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Tuesday, March 6, 2007

The Gift Of Sight

So I finally did it. After more than 16 years of needing glasses and contacts to correct my vision, I recieved the best gift ever.

I had LASIK eye surgery yesterday. It was the most weirdest experience I've ever been through. Ever since Saturday my nerves have been racing and my mind's been going a mile a minute with stress about the surgery. I mean, these are my eyes we're talking about. There's no messing with them unless I'm totally ready for what I was getting myself into and although I was totally ready to have the surgery that I've been contemplating and thinking about for the last 3 years or so, I was totally worried and stressed about the outcome.

Over the weekend I had read up on all of the paperwork that I was supposed to read up on, about the side effects and the risks involving the surgery and that's what got me so worried about the outcome. Not that I was going to back out of the surgery itself, cause I knew I was ready, it was just the "what if's" that were haunting my every thought. The night before the surgery I tossed and turned in my sleep and when I woke up and put my glasses on, to be able to see for the last time, my heart was racing a thousand miles per minute, of the mere thought of the surgery that would restore my sight forever.

Before we left that morning, Dan gave me a Priesthood blessing. What a miracle that was! As soon as he said the words, "that your nerves will be calmed and you will be at peace", it happend. I was at total peace and I had absolutely NO JITTERS whatsoever! He also said that Heavenly Father had trust in the surgeon and his skills and ability and that he would be blessed and that He wanted me to have my sight restored. That also made me feel more at peace; that my Heavenly Father was aware of restoring my sight. He wanted this for me too. To hear those words was so special. It was if the Savior Himself was here to place his hands on my eyes to restore my sight.

The power that the restored Priesthood has is so amazing and I feel so blessed and honored that my husband has and holds that special gift.

Afterwards Dan and I headed to the Pacific Cataract and Laser Institute

at 7:30am (nerves calmed and all) and had to be run through a series of tests and short exams before my surgery. But soon after waiting about 1 1/2 hours I was lead into the pre-op room where they placed eye drops in my eyes to numb them and prep them for surgery. Then I met my surgeon, Dr. Ford, whom I recognized from the video I watched, before I was aloud to even have the surgery. According to a friend and fellow ward member that works at the office, he also owns PCLI. It was good to know I was in the best hands. After a few more eye drops I was led away from Dan and into the surgery room. He was led into a room behind a glass wall to view the surgery. It was really nice, cause right before Dr. Ford began the surgery he asked if he could offer a prayer. Which I knew he would do, since Becky (the gal I know that works there) told me he would, and I was so glad to have a surgeon that was in tune with our Heavenly Father. I guess that's another reason why He trusted him.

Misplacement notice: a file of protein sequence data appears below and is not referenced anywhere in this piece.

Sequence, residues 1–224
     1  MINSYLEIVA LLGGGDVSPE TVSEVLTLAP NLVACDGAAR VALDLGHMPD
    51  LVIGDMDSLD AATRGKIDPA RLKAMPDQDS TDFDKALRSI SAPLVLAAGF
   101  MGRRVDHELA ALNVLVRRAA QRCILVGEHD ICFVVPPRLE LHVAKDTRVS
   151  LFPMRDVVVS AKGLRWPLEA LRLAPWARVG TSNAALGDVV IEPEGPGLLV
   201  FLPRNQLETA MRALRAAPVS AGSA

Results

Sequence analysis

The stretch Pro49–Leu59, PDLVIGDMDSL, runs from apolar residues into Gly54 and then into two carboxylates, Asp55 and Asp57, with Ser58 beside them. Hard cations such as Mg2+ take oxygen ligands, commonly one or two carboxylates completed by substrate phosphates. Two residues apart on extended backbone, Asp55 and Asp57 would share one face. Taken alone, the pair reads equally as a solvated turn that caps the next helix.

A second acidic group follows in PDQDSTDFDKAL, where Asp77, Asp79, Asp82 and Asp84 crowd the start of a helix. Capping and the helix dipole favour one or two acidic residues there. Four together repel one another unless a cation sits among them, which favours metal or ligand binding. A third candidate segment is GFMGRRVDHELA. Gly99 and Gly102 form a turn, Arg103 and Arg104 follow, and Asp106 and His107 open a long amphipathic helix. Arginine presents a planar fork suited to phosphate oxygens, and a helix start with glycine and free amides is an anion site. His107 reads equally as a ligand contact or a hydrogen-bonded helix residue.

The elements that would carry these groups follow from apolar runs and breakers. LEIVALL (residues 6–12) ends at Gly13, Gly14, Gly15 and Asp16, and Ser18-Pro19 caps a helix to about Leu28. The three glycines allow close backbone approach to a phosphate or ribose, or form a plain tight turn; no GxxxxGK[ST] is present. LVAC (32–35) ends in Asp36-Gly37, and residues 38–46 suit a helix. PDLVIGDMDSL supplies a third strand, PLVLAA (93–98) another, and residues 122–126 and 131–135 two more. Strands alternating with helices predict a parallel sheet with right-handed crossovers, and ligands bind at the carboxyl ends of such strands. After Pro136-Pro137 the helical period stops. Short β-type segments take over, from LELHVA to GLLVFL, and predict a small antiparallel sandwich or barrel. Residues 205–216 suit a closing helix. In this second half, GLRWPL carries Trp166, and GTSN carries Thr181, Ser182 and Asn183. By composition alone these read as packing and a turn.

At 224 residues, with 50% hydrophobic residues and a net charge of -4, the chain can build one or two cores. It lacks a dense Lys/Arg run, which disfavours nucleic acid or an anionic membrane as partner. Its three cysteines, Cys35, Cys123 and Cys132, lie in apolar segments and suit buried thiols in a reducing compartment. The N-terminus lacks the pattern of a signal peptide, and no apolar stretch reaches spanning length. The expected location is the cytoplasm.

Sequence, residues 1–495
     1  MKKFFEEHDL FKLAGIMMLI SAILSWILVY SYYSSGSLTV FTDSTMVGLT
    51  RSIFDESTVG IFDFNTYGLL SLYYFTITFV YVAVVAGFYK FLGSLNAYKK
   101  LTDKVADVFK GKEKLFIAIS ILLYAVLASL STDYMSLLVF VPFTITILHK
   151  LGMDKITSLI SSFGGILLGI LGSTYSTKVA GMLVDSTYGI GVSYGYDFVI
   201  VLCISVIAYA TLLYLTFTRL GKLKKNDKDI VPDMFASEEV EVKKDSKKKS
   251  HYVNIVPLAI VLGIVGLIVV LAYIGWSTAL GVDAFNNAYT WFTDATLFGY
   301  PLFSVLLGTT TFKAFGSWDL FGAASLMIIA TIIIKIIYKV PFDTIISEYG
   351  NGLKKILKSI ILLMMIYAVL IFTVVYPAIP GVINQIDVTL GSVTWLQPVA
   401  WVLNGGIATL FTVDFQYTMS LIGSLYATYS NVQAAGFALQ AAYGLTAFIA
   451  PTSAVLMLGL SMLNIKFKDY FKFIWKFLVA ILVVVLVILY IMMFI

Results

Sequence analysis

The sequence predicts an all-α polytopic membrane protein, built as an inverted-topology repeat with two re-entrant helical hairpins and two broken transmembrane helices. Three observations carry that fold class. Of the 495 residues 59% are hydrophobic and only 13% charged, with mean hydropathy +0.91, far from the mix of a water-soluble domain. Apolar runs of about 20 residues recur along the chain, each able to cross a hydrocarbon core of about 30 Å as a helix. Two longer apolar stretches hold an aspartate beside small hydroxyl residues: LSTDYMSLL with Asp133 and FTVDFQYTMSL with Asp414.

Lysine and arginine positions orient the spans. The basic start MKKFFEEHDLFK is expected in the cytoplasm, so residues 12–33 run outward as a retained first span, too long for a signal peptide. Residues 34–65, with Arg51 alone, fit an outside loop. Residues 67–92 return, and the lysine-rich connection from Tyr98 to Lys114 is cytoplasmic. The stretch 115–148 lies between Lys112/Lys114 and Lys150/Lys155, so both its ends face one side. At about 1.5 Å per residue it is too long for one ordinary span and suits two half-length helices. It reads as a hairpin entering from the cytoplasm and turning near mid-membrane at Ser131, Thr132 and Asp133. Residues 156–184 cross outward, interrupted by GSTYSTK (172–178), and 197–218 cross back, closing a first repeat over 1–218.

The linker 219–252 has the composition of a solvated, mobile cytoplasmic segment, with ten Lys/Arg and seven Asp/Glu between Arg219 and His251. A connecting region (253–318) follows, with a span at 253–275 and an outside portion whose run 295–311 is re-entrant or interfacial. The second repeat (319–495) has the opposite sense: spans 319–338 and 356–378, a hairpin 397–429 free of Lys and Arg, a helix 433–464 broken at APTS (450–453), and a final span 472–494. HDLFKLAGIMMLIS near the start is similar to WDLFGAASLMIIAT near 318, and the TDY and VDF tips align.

As Dr. Ford began the surgery he didn't say a word, but his nurse explained everything that was going on. It was so weird, like I said in the begining. Although I knew he was operating on me, it was if I was watching him do things on someone else, because I felt no pain whatsoever. I only felt a bit of pressure as the ring that is placed on my eye while the machine that cuts the corneal flap comes through, but even then, I thought that would totally gross me out, but it didn't. The only thing that was really gross about it, was when the laser was reshaping my eye, I could smell it and it smelled like burning hair. It totally grossed me out. But other than that, I don't remember the whole thing (both eyes) lasting more than 5 minutes. It was SO fast! I couldn't believe it! As I stood up from being done, I could already begin to see. It was more of what they said it would be; an "underwater vision", (like as if you were to open your eyes under water) but I could see, and I wasn't wearing glasses. The only thing I couldn't see however, was my husband. I asked the nurse where he was and she explained to me that the other nurse escorted him out of the viewing room, cause he almost passed out! Apparently while he thought he wanted to view my surgery from the viewing area, where they had a close up monitor of my eye that was being operated on (you could pretty much see the whole thing being done) he got queasy (like he normally does whith this sorta stuff; ie: blood, needles etc...) and the nurse saw all of the boold rushing from his face and asked if he was okay and he said, "No" and had to leave the room. How funny is that? I mean it totally doens't surprise me, I didn't expect him to watch it in the first place, but what a trooper to want to watch it! Way to go Dan!

Anyways I'm not totally 100% able to see yet, which is normal, but I've still got a while to heal. I still see "halos" around lights and I'm currently wearing sunglasses, in my house. Lame, eh? I'm pretty light sensitive and I can't squint at all, cause it'll cause the flap to wrinkle. I go for a post-op appoinment today, so we'll see how everything is. But I know everything will be fine.

Thank you Dan, Dr. Ford, and Heavenly Father for the best birthday present anyone could have given a person. The gift of sight.

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